Minimally Invasive Spine Surgery

Minimally invasive spine surgery (MISS) can be a great path of treatment to look into. It comes with many benefits, especially when compared to more serious and intrusive surgery.

MISS can help with a variety of back complications including herniated discs, spinal stenosis, degenerated discs and compression fractures in the vertebrae. This procedure can also be used to help correct scoliosis and other such spinal deformities that cause instability.

When compared to the invasive spine surgery, MISS comes with a huge list of benefits. For one, you aren’t going to be left with huge ugly incision scars and you will recover with less scar tissue. The pain associated with this type of procedure is much less severe because the incisions are not large and less soft tissue is damaged. During MIS you lose much less blood and are not required to be on as much pain medication for as long. Then again, if pain medication is your thing, then definitively look into the more invasive surgery.

The cost:

The cost of minimally invasive spinal surgery is expensive, as is every other surgery. The thing is, when compared to invasive surgery the costs are minimal. You are able to stay at the hospital for a much shorter period of time, you don’t need as much medication and you recover faster. Also, because you are able to recover faster you are then able to return to work faster and continue to feed your wallet rather than empty it.

In the United States, minimally invasive surgery costs around six to eight thousand dollars when dealing with herniated or bulging discs. The cost is approximately ten thousand dollars, before the addition of hospital fees. More expensive are vertebral fusions, which can cost as much as fifteen to eighteen thousand dollars. Spinal surgery can cost close to $80,000 as well. Again, if you think that is too much then research a more invasive procedure and then come back and rethink that one.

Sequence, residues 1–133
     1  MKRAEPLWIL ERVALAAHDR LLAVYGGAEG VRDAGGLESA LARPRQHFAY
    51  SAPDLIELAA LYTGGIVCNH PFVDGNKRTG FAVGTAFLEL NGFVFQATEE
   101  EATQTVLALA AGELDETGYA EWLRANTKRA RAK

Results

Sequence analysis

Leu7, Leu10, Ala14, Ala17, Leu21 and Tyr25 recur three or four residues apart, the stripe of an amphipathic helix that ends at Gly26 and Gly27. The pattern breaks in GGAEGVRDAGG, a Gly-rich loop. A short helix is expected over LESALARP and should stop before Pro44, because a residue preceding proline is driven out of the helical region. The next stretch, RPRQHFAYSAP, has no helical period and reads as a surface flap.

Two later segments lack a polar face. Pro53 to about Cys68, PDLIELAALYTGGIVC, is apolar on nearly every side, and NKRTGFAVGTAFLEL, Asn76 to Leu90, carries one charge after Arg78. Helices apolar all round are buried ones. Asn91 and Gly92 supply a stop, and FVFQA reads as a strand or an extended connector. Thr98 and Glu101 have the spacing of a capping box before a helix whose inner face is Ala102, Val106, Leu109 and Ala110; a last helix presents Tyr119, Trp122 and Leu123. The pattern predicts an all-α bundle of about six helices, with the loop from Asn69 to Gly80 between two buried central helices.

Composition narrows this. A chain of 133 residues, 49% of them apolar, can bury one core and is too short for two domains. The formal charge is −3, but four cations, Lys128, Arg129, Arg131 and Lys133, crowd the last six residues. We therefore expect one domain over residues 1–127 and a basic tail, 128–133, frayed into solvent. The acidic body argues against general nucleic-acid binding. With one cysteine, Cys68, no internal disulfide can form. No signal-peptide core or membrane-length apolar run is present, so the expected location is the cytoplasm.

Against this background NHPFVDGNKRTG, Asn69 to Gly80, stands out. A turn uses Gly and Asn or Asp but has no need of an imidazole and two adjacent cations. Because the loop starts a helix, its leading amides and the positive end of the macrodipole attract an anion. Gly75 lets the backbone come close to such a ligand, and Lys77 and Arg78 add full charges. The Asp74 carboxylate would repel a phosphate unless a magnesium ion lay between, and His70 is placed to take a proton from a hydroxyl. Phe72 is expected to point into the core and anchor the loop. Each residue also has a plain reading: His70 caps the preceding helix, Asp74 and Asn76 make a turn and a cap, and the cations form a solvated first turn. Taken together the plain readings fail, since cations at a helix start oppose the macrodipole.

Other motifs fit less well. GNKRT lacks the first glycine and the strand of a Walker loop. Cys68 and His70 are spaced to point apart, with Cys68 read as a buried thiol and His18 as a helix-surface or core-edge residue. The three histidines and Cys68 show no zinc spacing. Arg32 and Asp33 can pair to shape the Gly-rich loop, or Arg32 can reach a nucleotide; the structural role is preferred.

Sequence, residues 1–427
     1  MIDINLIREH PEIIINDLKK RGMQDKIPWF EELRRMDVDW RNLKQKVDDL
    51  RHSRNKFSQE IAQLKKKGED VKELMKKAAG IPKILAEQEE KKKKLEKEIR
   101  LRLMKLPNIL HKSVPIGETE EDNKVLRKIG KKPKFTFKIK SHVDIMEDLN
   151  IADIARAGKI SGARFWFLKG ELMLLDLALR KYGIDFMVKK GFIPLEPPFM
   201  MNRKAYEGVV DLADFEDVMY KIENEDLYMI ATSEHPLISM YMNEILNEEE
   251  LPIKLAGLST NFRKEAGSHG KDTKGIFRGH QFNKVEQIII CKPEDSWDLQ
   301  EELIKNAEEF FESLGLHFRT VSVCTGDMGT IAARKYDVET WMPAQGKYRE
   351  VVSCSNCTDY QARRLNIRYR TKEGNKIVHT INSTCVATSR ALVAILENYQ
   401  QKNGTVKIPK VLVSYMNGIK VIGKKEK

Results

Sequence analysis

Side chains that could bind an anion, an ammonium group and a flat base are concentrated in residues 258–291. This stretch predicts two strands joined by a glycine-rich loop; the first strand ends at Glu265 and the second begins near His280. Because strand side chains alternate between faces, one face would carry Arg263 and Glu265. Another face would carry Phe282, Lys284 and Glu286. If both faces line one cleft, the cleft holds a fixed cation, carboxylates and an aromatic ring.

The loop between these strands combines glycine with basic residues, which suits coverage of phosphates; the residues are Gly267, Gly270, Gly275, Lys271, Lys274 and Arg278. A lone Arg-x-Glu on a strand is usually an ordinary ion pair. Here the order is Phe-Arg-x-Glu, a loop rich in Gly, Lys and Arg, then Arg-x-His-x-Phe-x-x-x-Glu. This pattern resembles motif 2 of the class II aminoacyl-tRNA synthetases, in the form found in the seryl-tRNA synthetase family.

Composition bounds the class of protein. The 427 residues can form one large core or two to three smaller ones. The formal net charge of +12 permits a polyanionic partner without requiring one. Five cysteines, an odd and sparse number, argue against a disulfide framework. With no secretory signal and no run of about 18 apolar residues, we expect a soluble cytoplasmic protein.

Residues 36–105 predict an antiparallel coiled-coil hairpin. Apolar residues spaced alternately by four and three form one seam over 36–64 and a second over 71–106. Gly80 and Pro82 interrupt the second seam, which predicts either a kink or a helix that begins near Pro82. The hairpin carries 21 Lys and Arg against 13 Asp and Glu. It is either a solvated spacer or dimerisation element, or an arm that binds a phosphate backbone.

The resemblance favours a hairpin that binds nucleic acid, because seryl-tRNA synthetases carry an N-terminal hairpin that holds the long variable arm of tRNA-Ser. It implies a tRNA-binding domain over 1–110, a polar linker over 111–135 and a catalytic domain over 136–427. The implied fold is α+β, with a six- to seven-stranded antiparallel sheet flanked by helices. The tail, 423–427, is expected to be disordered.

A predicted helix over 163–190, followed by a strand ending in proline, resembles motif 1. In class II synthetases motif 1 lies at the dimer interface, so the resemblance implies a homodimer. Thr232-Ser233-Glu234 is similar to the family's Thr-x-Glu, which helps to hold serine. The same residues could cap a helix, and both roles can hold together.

Recovery Time:

Spinal surgery can put someone out of commission for a year or more but with minimally invasive spinal surgery the ‘out of commission’ time can be cut down to as little as a few months, assuming you work hard at proper recovery and do not injury yourself again. MIS can also be referred to as endoscopic surgery or keyhole surgery. (A keyhole is very tiny just like the incision.)

These procedures use medical instruments that require smaller incisions and utilize endoscopes to do the job. An endoscope is an instrument with a light and a camera attached to it and it is inserted into the small incisions and sends the images back to a large blown up screen for the surgeon to look clearly at.

Minimally invasive spine surgery is less severe than the more invasive ‘slice-you-up’ procedures. It only asks for a few small incisions, which reduces the amount of blood loss, pain, medication, and recovery time. With the reduction of these comes the reduction of costs as well. Note that this surgery, while called ‘minimally invasive,’ is still considered a major surgery and will still require a good amount of recovery time and pain. The minimally invasive surgery corrects a huge variety of spinal complications and is proven to be effective, even though it may seem like using a tiny instrument with a camera on it is something MacGyver may have come up with.